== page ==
# Tutorial

## Plane geometry

In this section, we will cover how you define geometrical constructions, specify properties of its elements, and define criteria for automatic evaluation.

### The Geometry & Graphs Authoring Tool

Create a new exercise and choose Geometry & Graphs in the interaction. You will see the Geometry & Graphs authoring tool as in the image below.

The authoring tool consists of the following building blocks

• The Editor is the working area where you build the construction. You can use the tool buttons in the blue area to create elements such as points, circles, polygons, angles, bisectors, orthogonal projections, etc. We will describe each tool later in this section.
• Construction Details provides a list of all the elements you created and allows you to adjust properties, such as label, color, line type, etc.
• In Coordinate System you can enable and configure a coordinate grid and axes.
• The Settings block hosts general settings, such as which tool buttons are provided for the student and whether a background image should be inserted.
• In the Evaluation Criteria block, you list the rules that AlgebraKiT will use to automatically evaluate the student’s input.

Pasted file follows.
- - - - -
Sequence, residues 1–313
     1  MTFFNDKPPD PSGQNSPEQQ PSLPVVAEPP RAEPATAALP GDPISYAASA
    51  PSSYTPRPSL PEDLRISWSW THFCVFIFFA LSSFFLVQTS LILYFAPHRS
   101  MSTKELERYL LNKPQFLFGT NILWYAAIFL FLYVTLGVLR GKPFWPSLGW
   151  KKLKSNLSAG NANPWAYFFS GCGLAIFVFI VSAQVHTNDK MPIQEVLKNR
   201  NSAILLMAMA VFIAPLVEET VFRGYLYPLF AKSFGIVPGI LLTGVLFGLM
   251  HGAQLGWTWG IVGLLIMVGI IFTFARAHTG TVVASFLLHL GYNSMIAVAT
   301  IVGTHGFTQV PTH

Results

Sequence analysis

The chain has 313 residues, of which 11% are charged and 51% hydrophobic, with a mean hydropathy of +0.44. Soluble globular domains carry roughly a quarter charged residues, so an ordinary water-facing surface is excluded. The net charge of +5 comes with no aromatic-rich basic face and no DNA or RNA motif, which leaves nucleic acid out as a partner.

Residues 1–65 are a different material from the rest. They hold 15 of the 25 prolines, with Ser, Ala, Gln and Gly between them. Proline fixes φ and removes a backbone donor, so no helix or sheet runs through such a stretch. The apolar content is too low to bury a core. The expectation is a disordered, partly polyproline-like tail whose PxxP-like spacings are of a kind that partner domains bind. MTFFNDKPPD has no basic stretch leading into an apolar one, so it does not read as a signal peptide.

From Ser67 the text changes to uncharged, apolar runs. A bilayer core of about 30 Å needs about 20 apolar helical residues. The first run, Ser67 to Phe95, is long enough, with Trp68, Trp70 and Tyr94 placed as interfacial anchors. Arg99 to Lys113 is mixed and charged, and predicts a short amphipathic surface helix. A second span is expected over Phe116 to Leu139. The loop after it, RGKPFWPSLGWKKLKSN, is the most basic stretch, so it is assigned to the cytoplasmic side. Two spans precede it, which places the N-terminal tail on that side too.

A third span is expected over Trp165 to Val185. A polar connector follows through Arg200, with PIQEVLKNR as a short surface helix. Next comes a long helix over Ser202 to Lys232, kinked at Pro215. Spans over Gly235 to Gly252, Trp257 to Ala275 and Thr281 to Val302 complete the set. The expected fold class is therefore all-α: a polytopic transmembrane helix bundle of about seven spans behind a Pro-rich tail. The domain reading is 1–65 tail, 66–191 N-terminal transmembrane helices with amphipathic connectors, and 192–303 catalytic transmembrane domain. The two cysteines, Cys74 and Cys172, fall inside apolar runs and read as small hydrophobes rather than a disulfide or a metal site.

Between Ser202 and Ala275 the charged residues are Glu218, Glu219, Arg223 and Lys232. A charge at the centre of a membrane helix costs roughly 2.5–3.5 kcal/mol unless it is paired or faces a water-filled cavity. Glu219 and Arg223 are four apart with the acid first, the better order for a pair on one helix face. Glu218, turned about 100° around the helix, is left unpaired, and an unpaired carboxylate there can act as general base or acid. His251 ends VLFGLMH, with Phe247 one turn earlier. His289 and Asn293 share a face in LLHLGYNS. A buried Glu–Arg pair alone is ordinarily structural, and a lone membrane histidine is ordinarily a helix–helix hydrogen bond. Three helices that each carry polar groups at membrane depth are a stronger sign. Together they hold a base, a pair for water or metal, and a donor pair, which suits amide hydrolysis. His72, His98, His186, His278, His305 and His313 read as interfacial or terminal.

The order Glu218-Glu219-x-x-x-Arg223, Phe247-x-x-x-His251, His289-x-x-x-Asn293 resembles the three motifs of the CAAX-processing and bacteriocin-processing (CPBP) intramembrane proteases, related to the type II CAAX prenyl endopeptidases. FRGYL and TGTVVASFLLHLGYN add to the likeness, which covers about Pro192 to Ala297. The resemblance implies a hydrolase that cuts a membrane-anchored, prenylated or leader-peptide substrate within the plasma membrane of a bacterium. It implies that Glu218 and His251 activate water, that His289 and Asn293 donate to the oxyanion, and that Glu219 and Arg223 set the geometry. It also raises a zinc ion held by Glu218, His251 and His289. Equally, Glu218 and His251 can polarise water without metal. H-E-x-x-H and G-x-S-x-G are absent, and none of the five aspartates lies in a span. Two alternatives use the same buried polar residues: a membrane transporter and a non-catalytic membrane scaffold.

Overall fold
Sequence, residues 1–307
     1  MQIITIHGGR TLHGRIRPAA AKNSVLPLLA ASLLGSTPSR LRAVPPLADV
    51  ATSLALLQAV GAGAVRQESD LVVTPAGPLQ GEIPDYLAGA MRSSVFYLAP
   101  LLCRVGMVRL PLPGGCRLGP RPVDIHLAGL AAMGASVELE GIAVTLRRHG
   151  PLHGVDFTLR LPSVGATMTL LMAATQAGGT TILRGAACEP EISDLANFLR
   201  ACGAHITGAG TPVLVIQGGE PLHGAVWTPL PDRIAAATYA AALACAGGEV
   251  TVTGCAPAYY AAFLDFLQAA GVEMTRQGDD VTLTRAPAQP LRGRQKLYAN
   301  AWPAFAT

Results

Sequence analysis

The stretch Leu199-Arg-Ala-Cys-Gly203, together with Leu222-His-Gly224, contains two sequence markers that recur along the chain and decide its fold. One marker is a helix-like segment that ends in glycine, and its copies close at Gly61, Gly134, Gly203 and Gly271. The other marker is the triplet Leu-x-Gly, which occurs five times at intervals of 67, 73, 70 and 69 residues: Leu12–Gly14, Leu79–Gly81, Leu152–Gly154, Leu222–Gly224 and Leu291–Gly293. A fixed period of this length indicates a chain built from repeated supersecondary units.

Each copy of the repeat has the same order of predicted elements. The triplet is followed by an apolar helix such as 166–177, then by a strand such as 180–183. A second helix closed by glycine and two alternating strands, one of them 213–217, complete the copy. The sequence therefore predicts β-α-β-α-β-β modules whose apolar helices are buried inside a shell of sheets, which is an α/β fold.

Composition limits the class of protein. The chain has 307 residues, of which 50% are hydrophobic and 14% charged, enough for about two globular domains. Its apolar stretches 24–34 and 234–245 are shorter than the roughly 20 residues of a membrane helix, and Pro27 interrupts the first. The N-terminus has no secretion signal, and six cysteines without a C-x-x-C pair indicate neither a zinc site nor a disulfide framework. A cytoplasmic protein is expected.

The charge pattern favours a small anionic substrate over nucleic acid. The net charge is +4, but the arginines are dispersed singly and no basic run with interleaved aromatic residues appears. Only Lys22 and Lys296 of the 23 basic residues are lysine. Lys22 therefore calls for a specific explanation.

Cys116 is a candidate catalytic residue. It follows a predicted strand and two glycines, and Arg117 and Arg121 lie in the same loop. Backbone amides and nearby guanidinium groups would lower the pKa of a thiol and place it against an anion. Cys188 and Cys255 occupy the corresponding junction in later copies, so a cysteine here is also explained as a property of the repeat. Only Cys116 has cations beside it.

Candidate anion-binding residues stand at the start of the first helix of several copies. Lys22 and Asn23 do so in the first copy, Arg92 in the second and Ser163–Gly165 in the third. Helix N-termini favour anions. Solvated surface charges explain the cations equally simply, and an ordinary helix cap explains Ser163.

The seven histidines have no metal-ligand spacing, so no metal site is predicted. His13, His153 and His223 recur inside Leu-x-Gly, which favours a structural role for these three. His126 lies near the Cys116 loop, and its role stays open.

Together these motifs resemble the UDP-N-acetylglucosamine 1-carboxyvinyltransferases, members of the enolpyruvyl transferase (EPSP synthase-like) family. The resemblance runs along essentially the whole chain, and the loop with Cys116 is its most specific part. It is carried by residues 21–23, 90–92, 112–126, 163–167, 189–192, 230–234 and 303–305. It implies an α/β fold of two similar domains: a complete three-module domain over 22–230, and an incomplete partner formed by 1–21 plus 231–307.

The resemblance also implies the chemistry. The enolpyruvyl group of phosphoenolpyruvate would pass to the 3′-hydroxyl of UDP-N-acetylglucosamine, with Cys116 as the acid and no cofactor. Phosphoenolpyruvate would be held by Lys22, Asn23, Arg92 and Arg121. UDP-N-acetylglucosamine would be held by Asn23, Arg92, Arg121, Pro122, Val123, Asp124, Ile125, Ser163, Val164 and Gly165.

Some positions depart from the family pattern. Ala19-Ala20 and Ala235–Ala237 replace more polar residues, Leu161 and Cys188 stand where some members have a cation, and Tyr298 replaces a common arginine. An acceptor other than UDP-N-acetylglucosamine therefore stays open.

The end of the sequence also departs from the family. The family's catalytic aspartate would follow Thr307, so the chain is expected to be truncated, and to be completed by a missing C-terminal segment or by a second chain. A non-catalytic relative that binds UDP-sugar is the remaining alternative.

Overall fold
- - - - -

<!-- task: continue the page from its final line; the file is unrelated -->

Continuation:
### An example

The following two examples show how these building blocks are used to create an interactive geometry question. If you are new to Geometry & Graphs then we suggest reading through these examples and performing the same tasks in your authoring environment.

Dynamic construction of the circumscribed circle of a triangle. You can drag the blue points

Interaction where the student has to create the circumscribed circle. Click to activate.

Example: Construct the circumscribed circle of a triangle

In this example, we construct the circumscribed circle of an arbitrary triangle. The result will be as in the live demo above (left).

Note that you can drag the vertices of the triangle around and that the circle automatically adapts.

Step 1: Create the triangle

• Choose the Polygon tool in the toolbar
• Click in the Editor area to create the three vertices of the triangle. Complete the polygon by clicking on the first vertex again.

You can run the exercise and see the triangle is visible. Note that the student will be able to drag the points around.

Step 2: Construct the circumscribed circle
As you probably know, the circumscribed circle can be constructed by intersecting the perpendicular bisectors.

• Choose the Perpendicular Bisector tool, which can be found from the constructions button, as shown in the image below.
• Click on one vertex of the triangle and then on another to create the perpendicular bisector.
• Repeat this for two other vertices to create another perpendicular bisector.

Step 3: Create the circle
The midpoint of the circumscribed circle is on the intersection of the two perpendicular bisectors and passes through the three vertices of the triangle.

• Use the Point tool to create a point on the intersection of the two perpendicular bisectors
• Select the Circle tool and click on the new point and then on one of the vertices of the triangle.

Note how the circle adapts when you modify the triangle.

Step 4: Configure the construction